Netanyahu warns Israelis: Violence against minorities won't be tolerated
Premier releases video clip on YouTube channel urging Israeli citizens 'not to take law into their own hands' and to refrain from any activity that might provoke violence.
Prime Minister Benjamin Netanyahu has urged Israeli citizens to refrain from taking the law into their own hands against minorities and migrant workers, in a clip released Wednesday on his bureau's YouTube channel.
Netanyahu warned against incitement that could lead to violence, regardless of citizens' feelings toward "infiltrators".
"The government of Israel is working determinedly to stop the flow of illegal infiltrators from Africa by constructing a fence on the border and by returning infiltrators to their native land," Netanyahu said, referring to work on the barrier along the Egypt border that began last month after years of delay, and the group of some 100 Sudanese migrants who were flown back to their country earlier this month.
With regard to the recent wave of protests in Bat Yam and south Tel Aviv calling to expel Arab residents and migrant workers and to the recent arrest of a suspected youth gang in Jerusalem that has been targeting Arabs, Netanyahu said: "I ask one thing and I will be adamant about it. The citizens of Israel cannot take the law into their own hands - they cannot take part in violence or degradation."
"The government is taking action," he added. "It is our job to solve this problem and we will solve it, but I ask of you to obey the law. We are a state that abides by the law and respects it, and we respect every person in it. We will act to find a solution to this problem within the framework of the law. This is what I am doing and this is what I demand of every single citizen."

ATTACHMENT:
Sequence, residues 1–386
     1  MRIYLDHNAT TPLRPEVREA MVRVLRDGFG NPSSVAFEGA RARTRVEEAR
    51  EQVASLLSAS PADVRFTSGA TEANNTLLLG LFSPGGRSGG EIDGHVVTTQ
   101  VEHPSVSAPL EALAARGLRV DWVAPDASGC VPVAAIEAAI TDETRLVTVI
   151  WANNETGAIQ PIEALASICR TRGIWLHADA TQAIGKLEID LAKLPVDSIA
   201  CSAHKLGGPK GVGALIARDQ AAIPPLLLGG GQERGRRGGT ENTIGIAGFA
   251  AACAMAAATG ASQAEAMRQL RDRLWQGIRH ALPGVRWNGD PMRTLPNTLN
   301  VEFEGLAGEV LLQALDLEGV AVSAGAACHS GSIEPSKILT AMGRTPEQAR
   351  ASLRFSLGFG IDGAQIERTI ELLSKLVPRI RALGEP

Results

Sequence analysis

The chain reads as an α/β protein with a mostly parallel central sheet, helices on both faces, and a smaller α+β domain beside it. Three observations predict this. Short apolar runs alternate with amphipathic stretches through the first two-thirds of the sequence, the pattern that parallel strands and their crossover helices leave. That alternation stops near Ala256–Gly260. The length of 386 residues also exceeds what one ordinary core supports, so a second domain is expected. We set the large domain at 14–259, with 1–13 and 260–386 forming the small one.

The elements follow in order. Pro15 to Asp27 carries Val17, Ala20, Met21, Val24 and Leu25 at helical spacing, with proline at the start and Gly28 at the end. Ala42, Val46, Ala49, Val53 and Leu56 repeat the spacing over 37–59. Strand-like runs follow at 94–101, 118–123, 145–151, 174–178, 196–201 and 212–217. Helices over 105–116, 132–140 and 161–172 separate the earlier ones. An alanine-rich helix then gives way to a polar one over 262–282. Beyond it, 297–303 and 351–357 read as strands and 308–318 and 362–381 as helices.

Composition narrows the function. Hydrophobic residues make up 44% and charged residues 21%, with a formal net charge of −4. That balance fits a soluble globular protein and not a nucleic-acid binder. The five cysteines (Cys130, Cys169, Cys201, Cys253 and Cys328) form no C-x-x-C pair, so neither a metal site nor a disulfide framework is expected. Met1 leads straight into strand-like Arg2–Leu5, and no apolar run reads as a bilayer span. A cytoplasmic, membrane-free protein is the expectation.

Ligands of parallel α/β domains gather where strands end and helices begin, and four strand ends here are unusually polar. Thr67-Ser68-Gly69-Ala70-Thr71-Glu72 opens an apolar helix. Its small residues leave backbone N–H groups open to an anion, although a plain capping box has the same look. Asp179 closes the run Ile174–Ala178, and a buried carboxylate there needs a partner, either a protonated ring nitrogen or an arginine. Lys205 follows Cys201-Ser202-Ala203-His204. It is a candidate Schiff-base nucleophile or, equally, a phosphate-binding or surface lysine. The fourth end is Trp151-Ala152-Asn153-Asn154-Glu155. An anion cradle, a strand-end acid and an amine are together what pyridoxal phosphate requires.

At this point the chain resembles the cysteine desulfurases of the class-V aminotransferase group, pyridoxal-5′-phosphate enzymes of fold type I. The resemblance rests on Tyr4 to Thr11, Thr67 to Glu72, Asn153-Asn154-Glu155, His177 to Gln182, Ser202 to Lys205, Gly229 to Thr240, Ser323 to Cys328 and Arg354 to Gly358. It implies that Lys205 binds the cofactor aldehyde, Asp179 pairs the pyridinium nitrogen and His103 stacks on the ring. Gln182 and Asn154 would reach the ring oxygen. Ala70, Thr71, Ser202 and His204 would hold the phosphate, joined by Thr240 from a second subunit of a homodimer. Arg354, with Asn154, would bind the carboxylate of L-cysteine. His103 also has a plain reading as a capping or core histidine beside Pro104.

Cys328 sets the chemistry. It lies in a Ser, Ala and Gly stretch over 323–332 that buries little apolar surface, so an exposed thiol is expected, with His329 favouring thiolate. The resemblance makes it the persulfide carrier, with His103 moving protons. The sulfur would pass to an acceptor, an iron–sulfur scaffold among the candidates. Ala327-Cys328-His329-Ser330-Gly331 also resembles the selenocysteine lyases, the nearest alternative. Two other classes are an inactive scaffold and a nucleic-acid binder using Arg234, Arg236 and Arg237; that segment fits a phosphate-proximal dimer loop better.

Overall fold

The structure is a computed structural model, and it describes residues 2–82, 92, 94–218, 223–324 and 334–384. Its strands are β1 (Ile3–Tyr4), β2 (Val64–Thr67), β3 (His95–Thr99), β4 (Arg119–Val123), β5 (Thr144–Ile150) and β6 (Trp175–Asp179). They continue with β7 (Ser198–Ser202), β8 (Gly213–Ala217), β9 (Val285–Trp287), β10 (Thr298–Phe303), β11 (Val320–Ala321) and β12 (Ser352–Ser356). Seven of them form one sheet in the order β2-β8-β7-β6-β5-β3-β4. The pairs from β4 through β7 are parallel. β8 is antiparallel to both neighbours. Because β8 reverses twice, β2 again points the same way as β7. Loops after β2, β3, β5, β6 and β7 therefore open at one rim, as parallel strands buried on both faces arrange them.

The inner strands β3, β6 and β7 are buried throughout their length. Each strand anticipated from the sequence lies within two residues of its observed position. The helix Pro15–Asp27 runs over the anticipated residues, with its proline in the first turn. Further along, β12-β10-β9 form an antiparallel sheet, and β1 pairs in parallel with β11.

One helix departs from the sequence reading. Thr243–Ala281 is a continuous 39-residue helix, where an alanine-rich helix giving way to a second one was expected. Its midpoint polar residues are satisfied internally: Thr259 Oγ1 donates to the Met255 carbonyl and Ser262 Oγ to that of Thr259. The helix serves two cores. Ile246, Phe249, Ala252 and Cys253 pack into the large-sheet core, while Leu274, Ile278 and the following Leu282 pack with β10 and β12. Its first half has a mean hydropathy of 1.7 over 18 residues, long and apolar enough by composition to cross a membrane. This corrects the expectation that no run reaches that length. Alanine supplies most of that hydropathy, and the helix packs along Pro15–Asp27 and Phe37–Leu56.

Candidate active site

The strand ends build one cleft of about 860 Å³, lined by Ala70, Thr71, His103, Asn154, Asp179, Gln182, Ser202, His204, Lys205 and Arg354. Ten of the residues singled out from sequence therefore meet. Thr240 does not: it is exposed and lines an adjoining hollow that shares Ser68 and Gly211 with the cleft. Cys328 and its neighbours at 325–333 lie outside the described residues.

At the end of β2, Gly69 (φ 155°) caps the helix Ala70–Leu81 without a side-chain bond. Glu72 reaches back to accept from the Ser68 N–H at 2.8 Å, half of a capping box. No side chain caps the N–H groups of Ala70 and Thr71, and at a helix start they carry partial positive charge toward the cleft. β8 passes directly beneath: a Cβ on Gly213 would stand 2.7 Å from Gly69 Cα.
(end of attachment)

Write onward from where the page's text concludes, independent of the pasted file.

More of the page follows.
Several hundred people, mostly residents of south Tel Aviv, held a demonstration outside the entrance to the market in the working class Hatikva neighborhood, under the banner "No more fear in the neighborhoods; send the infiltrators back home."
The demonstration occurred against the background of complaints by Hatikva neighborhood residents of violence by foreign workers and refugees. Protesters said that Jewish women fear going out in the neighborhood after dark because of their treatment by foreign residents.
Demonstrators also said that the foreigners increase demand for apartments, driving up rental prices.
The demonstrators called on the government to deport foreign workers and refugees and for apartment owners not to rent to foreigners. Signs included: "No to racism, Yes to neighborhoods" and "Send the infiltrators home".
On Monday in Bat Yam, a city just south of Tel Aviv, a demonstration was held against the renting of apartments to Arabs, with some 200 local residents and right-wing activists protesting under the banner "Keeping Bat Yam Jewish."
Haaretz learned Tuesday that the Shin Bet had contacted Rabbi Dov Hai Hacohen, an organizer of the events in Bat Yam, and warned him to keep his students and followers from taking any action that could provoke violence.
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